course, I was drinking Lodi Pinot Noir; it gets to be 115 degrees on some days
in Lodi." But his friend brought him a Pinot Noir from the Sonoma Coast,
where the climate and geography are well-suited to this mercurial variety, and
all of a sudden it clicked for Hunter. "This is different! Why is this
different?" He began to research Pinot Noir and learned about the
different regions where it grows best. He researched soil types,
micro-climates, elevations, etc. That was his Aha moment in wine;
learning that different varieties grow differently in different locations.
Hunter is quick to defend Lodi to this day, though, and even though he remains
unconvinced that Pinot Noir can grow there, he maintains that the finest
Zinfandels he's ever had have been from Lodi.
Hunter stayed on at the Lodi tasting room for two years, learning what he could. By the time he was 27, facing mounting bills and wanting to establish a long-term career in an industry he was quickly falling in love with, he moved to Livermore to accept a full time position at Darcie Kent Winery. "Working at Darcie Kent Winery opened my eyes to what the industry could be—a real, full-time, legitimate business. It was run by a husband and wife team. They distributed their wine; they had a real presence in the industry there." Hunter was allowed to work in nearly every facet of operations at Darcie Kent, and especially enjoyed helping with harvest. It was at Darcie Kent Winery that he realized that this was a career he could do for a lifetime.
Two years later, he once again wanted to challenge himself. Hunter was convinced that if he truly wanted to immerse himself in the world of fine wine, he would have to challenge himself at even more acclaimed properties in increasingly acclaimed regions. And so he began applying for jobs in the Napa Valley. "I tried to find a job in Napa for a full year. I kept receiving these letters that said, basically, thank you for applying, but we've decided upon someone who is more qualified for the position. I finally phoned up a winery that hadn't hired me, and asked the lady who had signed the letter what she meant by 'more qualified.' I guess I wanted to know what I could do to become 'more qualified.' And her response was, 'Well we've heard of Lodi and Livermore, but we've never tasted their wines, so we don't know if what they do there is comparable to what we do here.'"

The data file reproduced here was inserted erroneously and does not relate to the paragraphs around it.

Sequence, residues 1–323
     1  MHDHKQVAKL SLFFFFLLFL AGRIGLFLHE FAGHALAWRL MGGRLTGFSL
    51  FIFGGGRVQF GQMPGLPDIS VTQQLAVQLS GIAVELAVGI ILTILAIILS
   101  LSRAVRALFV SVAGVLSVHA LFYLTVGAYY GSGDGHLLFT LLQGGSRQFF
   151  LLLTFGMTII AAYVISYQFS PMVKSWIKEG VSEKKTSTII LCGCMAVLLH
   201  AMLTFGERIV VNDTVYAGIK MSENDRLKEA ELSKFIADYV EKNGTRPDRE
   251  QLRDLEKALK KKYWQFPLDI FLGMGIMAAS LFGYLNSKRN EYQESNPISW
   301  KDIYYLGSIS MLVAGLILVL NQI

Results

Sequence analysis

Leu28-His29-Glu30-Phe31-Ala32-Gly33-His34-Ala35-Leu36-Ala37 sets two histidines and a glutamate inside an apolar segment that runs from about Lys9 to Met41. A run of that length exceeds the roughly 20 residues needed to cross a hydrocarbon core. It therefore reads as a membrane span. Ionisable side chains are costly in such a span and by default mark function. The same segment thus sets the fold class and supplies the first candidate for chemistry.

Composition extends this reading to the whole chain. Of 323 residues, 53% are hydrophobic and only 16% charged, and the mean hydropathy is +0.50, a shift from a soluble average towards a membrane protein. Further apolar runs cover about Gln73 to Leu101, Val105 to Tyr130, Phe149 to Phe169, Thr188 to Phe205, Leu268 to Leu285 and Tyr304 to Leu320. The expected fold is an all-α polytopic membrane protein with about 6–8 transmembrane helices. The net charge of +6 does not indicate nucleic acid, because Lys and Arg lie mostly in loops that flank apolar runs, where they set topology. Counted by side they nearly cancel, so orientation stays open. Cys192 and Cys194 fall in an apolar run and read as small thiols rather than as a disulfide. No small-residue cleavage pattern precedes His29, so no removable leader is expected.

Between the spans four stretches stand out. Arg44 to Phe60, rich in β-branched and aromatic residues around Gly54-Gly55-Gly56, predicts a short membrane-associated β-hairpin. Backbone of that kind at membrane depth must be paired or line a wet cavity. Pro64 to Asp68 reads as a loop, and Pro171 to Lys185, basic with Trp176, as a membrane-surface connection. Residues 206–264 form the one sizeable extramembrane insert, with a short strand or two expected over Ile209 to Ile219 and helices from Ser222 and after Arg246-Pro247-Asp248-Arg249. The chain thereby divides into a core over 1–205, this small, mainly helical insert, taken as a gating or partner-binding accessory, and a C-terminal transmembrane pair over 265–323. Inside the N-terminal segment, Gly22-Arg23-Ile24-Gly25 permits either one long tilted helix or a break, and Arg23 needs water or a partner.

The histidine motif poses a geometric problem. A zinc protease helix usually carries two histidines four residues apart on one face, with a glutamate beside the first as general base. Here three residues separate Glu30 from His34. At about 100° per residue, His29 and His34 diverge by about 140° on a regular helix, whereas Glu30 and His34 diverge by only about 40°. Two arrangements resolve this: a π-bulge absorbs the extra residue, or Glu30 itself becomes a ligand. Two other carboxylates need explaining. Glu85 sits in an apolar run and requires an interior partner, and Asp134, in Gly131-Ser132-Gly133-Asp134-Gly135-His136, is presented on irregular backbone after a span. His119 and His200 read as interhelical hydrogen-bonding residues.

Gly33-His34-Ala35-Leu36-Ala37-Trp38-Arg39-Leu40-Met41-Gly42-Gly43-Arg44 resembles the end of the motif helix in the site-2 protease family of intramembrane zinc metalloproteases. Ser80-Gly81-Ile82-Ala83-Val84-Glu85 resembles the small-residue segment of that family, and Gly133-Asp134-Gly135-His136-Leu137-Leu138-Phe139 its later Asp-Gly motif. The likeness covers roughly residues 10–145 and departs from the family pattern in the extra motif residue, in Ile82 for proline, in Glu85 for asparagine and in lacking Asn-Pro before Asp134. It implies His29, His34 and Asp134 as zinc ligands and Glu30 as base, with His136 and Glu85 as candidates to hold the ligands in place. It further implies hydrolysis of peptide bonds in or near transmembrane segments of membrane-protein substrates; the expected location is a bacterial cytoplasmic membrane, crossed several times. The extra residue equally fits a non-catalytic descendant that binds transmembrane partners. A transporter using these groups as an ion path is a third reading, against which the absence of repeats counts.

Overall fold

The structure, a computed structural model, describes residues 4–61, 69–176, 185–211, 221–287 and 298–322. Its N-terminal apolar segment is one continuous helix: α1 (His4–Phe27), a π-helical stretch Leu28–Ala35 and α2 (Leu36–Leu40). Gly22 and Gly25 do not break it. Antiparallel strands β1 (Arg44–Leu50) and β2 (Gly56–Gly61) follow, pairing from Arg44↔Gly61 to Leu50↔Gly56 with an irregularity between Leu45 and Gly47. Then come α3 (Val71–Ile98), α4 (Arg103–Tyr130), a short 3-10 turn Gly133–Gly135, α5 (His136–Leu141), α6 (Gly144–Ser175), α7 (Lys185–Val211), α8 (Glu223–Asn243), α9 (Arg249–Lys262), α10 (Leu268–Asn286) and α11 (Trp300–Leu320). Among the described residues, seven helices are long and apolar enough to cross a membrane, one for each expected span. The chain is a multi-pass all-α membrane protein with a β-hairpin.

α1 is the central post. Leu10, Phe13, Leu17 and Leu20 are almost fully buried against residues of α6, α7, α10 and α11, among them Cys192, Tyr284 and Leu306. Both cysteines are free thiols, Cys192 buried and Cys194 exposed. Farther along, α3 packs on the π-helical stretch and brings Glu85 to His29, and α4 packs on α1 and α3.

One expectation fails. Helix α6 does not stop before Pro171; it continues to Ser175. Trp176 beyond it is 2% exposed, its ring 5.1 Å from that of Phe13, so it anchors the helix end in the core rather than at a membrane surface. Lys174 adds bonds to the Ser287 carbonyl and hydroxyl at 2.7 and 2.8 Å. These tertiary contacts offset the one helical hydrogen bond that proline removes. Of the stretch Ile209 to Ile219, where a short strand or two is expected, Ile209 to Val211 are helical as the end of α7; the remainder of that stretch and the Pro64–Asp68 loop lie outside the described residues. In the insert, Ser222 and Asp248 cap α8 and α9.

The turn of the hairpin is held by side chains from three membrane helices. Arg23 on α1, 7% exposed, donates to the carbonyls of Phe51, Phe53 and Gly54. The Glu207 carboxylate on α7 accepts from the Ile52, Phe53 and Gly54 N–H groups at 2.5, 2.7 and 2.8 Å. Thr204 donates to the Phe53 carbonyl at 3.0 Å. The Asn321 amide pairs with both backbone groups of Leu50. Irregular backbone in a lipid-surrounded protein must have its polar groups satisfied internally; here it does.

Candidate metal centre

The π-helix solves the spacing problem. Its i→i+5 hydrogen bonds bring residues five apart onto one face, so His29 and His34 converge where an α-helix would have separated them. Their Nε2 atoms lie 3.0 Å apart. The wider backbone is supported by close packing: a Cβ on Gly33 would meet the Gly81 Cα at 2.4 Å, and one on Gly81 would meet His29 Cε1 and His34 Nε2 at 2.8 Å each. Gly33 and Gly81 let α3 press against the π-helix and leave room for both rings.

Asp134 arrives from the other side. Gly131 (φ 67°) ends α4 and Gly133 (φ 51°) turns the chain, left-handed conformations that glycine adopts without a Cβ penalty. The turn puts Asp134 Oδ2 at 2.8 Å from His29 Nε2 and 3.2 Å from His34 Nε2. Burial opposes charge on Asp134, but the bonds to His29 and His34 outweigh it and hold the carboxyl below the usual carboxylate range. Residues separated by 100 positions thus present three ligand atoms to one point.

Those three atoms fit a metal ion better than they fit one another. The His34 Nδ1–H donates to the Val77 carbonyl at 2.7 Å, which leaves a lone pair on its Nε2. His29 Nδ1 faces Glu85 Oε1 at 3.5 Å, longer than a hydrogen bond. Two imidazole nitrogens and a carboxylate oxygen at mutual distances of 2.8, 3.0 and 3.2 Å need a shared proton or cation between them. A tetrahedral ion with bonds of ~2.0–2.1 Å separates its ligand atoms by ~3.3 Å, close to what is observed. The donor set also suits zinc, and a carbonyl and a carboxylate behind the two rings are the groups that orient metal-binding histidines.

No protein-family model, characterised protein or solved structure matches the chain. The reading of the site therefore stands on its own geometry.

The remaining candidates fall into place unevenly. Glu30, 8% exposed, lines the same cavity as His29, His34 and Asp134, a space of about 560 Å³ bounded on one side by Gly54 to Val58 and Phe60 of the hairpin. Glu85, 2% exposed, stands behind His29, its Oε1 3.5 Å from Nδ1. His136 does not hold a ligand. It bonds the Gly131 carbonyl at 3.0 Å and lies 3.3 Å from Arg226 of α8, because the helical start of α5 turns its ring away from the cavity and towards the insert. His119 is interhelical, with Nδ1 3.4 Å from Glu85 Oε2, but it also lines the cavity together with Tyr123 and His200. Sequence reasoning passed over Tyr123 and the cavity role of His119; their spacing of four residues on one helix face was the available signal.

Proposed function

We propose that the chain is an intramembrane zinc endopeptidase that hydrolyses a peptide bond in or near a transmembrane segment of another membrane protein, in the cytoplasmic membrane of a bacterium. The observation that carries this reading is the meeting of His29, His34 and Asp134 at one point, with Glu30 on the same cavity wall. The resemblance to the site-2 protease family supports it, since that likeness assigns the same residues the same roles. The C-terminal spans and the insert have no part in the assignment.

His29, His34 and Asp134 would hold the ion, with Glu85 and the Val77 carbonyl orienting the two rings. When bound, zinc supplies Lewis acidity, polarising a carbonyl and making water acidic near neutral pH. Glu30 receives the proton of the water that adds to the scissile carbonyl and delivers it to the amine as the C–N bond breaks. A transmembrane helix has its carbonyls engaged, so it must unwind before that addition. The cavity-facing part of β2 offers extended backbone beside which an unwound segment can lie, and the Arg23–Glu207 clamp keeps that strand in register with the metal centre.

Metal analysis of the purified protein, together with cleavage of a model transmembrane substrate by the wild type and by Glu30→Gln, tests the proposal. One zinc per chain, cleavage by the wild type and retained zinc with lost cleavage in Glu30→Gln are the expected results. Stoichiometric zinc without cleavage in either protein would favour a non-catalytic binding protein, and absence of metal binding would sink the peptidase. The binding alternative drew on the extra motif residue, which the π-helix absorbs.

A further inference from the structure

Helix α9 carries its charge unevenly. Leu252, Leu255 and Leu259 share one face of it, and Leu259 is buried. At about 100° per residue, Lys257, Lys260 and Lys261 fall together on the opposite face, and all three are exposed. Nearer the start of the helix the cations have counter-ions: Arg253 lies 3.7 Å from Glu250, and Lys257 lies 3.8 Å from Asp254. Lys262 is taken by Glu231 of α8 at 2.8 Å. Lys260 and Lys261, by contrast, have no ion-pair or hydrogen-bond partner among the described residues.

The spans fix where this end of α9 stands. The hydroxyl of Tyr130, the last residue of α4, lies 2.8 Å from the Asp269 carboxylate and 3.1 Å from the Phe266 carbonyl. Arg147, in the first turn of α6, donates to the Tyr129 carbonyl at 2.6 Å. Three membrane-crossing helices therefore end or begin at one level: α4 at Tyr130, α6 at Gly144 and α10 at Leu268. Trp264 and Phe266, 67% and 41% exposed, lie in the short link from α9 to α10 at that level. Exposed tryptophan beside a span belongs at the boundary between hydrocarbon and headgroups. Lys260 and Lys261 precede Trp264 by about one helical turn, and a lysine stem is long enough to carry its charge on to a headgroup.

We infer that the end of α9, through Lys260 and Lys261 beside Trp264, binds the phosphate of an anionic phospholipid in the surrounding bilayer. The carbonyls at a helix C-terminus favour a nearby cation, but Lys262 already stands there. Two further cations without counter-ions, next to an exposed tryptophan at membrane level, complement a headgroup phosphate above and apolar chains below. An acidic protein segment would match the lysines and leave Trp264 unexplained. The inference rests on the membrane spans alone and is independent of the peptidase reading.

Hunter pushed back a little and politely told her that he wasn't sure how it was that he could become more qualified, if he was applying for a job that he'd already been doing for four years, working in a tasting room. "She responded that if I wanted to get a position with them, then I really needed to land at least one job in the Napa Valley. So I told her, 'Okay, I'm not getting hired, because I don't have experience working in a tasting room in Napa, and the solution to that problem is to get a job working at a tasting room in Napa.' It was very frustrating, but I kept applying. Everyone kept telling me I had to be in Napa, because that's the best place for wine. I did want to at least be around people working at the highest level of hospitality. I figured, if I'm around the best for long enough, then I'll become one of the best."
Hunter finally landed himself a
position at the critically-acclaimed Elizabeth Spencer tasting room in
Rutherford, one of Napa's most respected sub-appellations. "That was the
experience that I needed. That's where I could flourish and grow. I interacted
a lot with customers there. I did a lot of social media. It's something I'm
very interested in." Hunter insists that while these days, wine isn't
necessarily sold on social media, in the next five years, "it will
probably be the primary way in which brands move product." It's a
prediction about which he's very confident.
Today, Hunter is the Lead Wine Educator and Social Media Manager at Adastra Winery in Sonoma. The attractive, gallery-like tasting room, just off of Sonoma's town square, is imbued with his personality. It's an airy, cheerful environment. When I arrive on a misty spring morning, I can already see Hunter tooling around in the open, well-lighted space, even though the tasting room itself is not scheduled to be opened for another hour. Artwork by local Sonoma County artists rotates frequently through the space, which also serves as a gallery. Monthly painting classes are offered at Adastra, during which students can paint while enjoying a glass of wine.